Turmeric is known to decrease hyperpigmentation¹⁵—patches of skin with too much of a pigment called melanin—thus promoting a more balanced and glowing complexion.

Are there any downsides to turmeric soap?

While turmeric soap comes with many potential benefits, as with any skincare product, it's important to remember that everyone's skin is unique, and reactions may vary. There are a few considerations to keep in mind when using turmeric soap.

The first is the potential for allergies or sensitivities. Some individuals may experience allergic contact dermatitis, a type of skin inflammation, as a reaction to turmeric or its active compound, curcumin.¹⁶ So it’s smart to do a patch test before applying turmeric soap to larger areas of your skin. 

While beautiful, turmeric's rich, vibrant yellow-orange hue is also a natural dye. This means it has the potential to stain your skin and clothing. While skin stains fade in a few days, turmeric stains on clothing can be exceptionally difficult to get out.¹⁷ This can typically be avoided by not leaving turmeric soap on your skin for more than a few minutes and thoroughly rinsing afterward. 

While these possible downsides exist, they shouldn't necessarily deter you from trying turmeric soap. It's all about understanding your skin and what it can tolerate, ensuring you reap the benefits of this natural wonder without unnecessary discomfort or inconvenience.

How to add turmeric soap to your skincare routine

Integrating turmeric soap into your skincare routine is an easy process, offering a simple way to harness this golden herb’s many benefits.

Turmeric soap bars are widely available at numerous online retailers and specialty skincare stores, making them easy to acquire. To incorporate turmeric soap into your routine, simply swap out your current soap with a turmeric option. You can use it just as you would regular soap for your face and body, helping cleanse, exfoliate, and nourish your skin with every wash.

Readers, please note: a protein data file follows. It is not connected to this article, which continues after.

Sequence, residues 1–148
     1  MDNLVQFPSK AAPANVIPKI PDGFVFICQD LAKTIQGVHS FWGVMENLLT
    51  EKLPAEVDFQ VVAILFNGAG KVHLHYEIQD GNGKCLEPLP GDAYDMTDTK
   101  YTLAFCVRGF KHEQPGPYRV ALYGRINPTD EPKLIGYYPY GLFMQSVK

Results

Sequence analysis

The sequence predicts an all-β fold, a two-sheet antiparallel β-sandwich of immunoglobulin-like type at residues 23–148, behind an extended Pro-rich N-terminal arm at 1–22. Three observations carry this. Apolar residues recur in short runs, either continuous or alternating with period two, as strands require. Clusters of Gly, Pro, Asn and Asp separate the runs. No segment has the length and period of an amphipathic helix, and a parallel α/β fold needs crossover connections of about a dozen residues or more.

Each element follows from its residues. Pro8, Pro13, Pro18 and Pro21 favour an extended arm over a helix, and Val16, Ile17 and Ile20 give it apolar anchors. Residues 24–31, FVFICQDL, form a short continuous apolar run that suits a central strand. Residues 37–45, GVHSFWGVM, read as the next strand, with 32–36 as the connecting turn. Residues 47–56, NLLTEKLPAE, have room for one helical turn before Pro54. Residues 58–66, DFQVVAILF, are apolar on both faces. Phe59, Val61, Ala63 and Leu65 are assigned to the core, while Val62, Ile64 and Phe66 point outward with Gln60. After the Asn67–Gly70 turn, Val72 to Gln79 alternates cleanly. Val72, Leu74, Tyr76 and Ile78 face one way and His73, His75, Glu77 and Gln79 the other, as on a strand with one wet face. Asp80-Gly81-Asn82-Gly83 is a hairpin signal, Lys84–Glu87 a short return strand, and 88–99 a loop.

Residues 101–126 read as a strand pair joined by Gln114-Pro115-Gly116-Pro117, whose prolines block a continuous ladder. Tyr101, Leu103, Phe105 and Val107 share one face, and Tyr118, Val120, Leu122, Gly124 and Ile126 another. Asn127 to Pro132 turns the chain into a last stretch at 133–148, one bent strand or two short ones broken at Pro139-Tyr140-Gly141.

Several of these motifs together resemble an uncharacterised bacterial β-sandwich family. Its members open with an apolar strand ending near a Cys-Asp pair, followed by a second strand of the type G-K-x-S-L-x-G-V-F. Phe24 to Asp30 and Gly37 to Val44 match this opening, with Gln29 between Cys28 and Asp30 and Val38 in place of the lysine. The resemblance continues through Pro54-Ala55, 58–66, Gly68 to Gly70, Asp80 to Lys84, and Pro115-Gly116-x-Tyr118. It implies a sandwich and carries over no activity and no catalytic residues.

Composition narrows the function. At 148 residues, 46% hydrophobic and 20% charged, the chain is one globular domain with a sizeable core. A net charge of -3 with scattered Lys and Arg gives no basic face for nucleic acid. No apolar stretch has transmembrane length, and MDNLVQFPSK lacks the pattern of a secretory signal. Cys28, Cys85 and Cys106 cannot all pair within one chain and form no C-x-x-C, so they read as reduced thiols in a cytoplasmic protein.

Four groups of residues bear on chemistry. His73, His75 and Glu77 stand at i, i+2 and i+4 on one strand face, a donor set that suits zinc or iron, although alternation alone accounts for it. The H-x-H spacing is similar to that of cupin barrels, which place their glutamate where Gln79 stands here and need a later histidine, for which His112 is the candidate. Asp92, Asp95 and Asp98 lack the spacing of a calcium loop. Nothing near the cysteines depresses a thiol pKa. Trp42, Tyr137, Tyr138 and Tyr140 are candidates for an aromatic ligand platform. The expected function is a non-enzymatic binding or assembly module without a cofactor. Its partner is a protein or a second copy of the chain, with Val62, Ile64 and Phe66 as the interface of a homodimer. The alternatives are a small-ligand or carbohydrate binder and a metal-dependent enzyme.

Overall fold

One thing to keep in mind: check any new product for pore-clogging ingredients. Donna McIntyre, a nurse practitioner at Curology reminds us, “Turmeric may have some promising benefits for the skin, but please be sure to check any products you are thinking about purchasing for comedogenic ingredients. Some turmeric soaps contain coconut oil which can clog pores, so use caution.”

However, if you have sensitive skin or have previously experienced allergic reactions to skincare products, it’s wise to perform a patch test using turmeric soap all over. A patch test is a safe and easy way to gauge any new product’s impact on your skin. To perform a patch test:¹⁸

  1. Apply the product to a quarter-sized test spot twice daily for seven to 10 days. 

  2. Leave the product on your skin briefly, then wash it off (turmeric can stain when left on too long).

  3. If after 7 to 10 days, you don’t have a skin reaction, such as red, itchy, or swollen skin, it’s probably safe to add it to your routine.

  4. If you do have a skin reaction, don’t use it again.

Remember, every person's skin is unique, and consistency is key when incorporating new products into your skincare routine. Give your skin some time to adjust to the new product, and soon, you might start seeing the benefits of this ancient golden herb.

Curology is here to help

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Get your personalized skincare routine with Curology

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Turmeric soap offers a range of potential benefits like fighting acne, dark spots, and signs of aging. If you’re searching for a solution designed to target your specific skin concerns, we're excited to introduce you to Curology's personalized prescription formulas. Our team of licensed dermatology providers is ready to answer any questions you may have and help create a skincare solution tailored to your individual needs. Sign up for a 30-day trial* at Curology today for a one-on-one consultation, and take the first step on your personalized skincare journey.

FAQs

Is turmeric soap good for wrinkles?

Yes, turmeric soap could be beneficial for wrinkles. One study has demonstrated that turmeric, in combination with other herbs, was effective in decreasing wrinkles and improving skin elasticity.¹⁹ However, turmeric was not used alone in this study, so it may be most effective in combination with other beneficial ingredients. As always, individual results may vary.